“Murray Galinson, an influential force in San Diego’s business, political and philanthropic worlds for decades, died Thursday. He was 75,” reported U-T San Diego. The family said that he had died unexpectedly.

Galinson was adored by many San Diegans involved in the community, even though he often worked on tough political issues. “You may not have known him, but you should know we have lost one of our finest — ever,” said George Mitrovich, president of The City Club of San Diego.

“His philanthropic and civic pursuits are almost too many to count,” wrote the U-T. “He has served in leadership roles with groups such as the Galinson Family Foundation, Price Legacy Corp., Price Charities, the Leichtag Foundation, the Weingart Foundation and San Diego Grantmakers, among others.”

“A wonderful man who committed his talents and resources to making life better for the citizens of the city he loved. We also loved him and will greatly miss him,” said Mayor Bob Filner.

Ocean Views — at What Price?

Forty years ago, San Diegans passed an initiative limiting the height of buildings constructed in coastal areas. Passed with the goal of protecting the city’s sweeping ocean views, some say the law is having unintended consequences as San Diego grows. But it would be a hard law to change, reports our Andrew Keatts.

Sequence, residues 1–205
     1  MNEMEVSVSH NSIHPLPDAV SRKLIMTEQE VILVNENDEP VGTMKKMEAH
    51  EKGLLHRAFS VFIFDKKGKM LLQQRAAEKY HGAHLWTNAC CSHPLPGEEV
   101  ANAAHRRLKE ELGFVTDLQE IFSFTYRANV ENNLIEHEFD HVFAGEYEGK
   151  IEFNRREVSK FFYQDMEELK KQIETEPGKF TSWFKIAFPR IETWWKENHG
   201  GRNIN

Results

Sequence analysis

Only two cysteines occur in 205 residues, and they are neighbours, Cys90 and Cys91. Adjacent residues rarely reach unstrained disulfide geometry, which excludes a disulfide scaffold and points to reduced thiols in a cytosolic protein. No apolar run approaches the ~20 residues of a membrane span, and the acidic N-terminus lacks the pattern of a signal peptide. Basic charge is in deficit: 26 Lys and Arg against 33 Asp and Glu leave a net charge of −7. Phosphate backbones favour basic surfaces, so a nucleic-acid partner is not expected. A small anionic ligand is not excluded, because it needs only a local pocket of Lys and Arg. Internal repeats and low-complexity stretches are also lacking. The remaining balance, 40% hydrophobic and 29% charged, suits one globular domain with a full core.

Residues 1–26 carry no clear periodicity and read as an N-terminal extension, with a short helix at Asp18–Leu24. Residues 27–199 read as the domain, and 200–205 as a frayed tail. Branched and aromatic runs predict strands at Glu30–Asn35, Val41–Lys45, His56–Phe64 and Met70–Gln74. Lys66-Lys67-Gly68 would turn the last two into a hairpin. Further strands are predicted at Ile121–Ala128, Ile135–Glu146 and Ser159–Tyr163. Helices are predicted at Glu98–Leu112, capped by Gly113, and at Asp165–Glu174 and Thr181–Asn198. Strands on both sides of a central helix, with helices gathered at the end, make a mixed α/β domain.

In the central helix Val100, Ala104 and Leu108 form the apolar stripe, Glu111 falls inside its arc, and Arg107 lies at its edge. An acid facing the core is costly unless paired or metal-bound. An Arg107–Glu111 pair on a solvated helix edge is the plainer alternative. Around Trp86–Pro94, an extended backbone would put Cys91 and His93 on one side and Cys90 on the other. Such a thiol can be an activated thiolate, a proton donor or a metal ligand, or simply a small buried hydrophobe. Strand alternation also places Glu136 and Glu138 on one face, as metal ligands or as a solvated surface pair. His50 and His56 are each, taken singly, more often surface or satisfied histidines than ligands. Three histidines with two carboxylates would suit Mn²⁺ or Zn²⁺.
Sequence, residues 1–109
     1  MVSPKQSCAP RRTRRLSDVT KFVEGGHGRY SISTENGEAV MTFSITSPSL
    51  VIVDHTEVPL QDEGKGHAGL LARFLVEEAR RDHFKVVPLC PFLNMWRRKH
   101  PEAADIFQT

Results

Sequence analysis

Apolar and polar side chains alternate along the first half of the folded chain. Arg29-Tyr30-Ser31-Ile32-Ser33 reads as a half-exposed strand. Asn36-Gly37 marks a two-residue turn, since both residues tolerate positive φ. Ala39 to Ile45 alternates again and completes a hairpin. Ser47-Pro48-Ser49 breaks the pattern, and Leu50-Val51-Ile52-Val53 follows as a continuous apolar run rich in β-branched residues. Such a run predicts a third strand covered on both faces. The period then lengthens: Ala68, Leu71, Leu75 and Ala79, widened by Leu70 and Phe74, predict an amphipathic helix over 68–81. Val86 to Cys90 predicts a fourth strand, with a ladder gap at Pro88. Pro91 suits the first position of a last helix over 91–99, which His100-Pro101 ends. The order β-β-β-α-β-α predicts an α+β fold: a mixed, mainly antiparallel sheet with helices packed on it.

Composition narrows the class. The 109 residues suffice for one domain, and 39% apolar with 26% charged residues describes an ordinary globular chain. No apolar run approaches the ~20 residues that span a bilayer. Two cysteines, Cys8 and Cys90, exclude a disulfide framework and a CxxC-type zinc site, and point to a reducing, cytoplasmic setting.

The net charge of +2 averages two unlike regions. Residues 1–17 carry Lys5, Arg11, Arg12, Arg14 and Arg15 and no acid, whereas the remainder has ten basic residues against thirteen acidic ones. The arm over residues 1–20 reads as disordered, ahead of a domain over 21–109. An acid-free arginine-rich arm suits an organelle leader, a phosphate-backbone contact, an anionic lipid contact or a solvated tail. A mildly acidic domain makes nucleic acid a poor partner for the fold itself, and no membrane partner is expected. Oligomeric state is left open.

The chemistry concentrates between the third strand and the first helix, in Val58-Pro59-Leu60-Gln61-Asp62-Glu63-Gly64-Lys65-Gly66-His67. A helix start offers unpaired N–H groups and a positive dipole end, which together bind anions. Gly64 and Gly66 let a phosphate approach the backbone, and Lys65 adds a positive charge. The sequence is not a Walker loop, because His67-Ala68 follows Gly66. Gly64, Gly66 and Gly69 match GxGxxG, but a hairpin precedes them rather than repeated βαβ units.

“Because the coastal height limit was passed by citizen initiative, the City Council or relevant planning groups in the coastal zone can’t easily tweak the law,”Keatts notes. “Allowing taller buildings would facilitate units and therefore push down housing costs.”

But not everyone is in a rush to change the rules. Joe LaCava, chairman of the city of San Diego Community Planners Committee, thinks the current law is working as intended. “The height limit hasn’t harmed anything near as much as people would like to believe, and the advantages it created were worthwhile,” he said.

Binationals Compared

San Diego. Detroit. El Paso. These American cities, separated by hundreds of miles, all share something in common: They are massive border towns, and each has a symbiotic relationship with another large city across the border. They are some of the world’s biggest “binational regions,” reports our Lisa Halverstadt.

“Urban planners say a binational region consists of cities in two different countries whose government and business operations are somehow integrated,” she writes. The San Diego/Tijuana region is among the largest in the world. But there’s still a lot of room for improvement.

“The leaders have completely different sets of priorities,” said Oscar Romo, a UCSD lecturer. “While the integration could be great, while the economic power of the two cities could jointly do a lot, it’s not happening.”

Voice Is On The Air

In the latest edition of VOSD Radio, Scott Lewis and Will Carless give insights into all the most recent happenings in San Diego, including the state’s veto of redevelopment projects in San Diego, a look at powerful hotelier Bill Evans, and a check-up on how UT-TV has done since its launch.

District 4 Fallout

Our Liam Dillon reported on Wednesday about the situation developing in San Diego’s 4th council district. Residents of Redwood Village and Rolando Park, both neighborhoods recently shifted into the 4th, won’t be able to vote for their new city council member due to legal technicalities.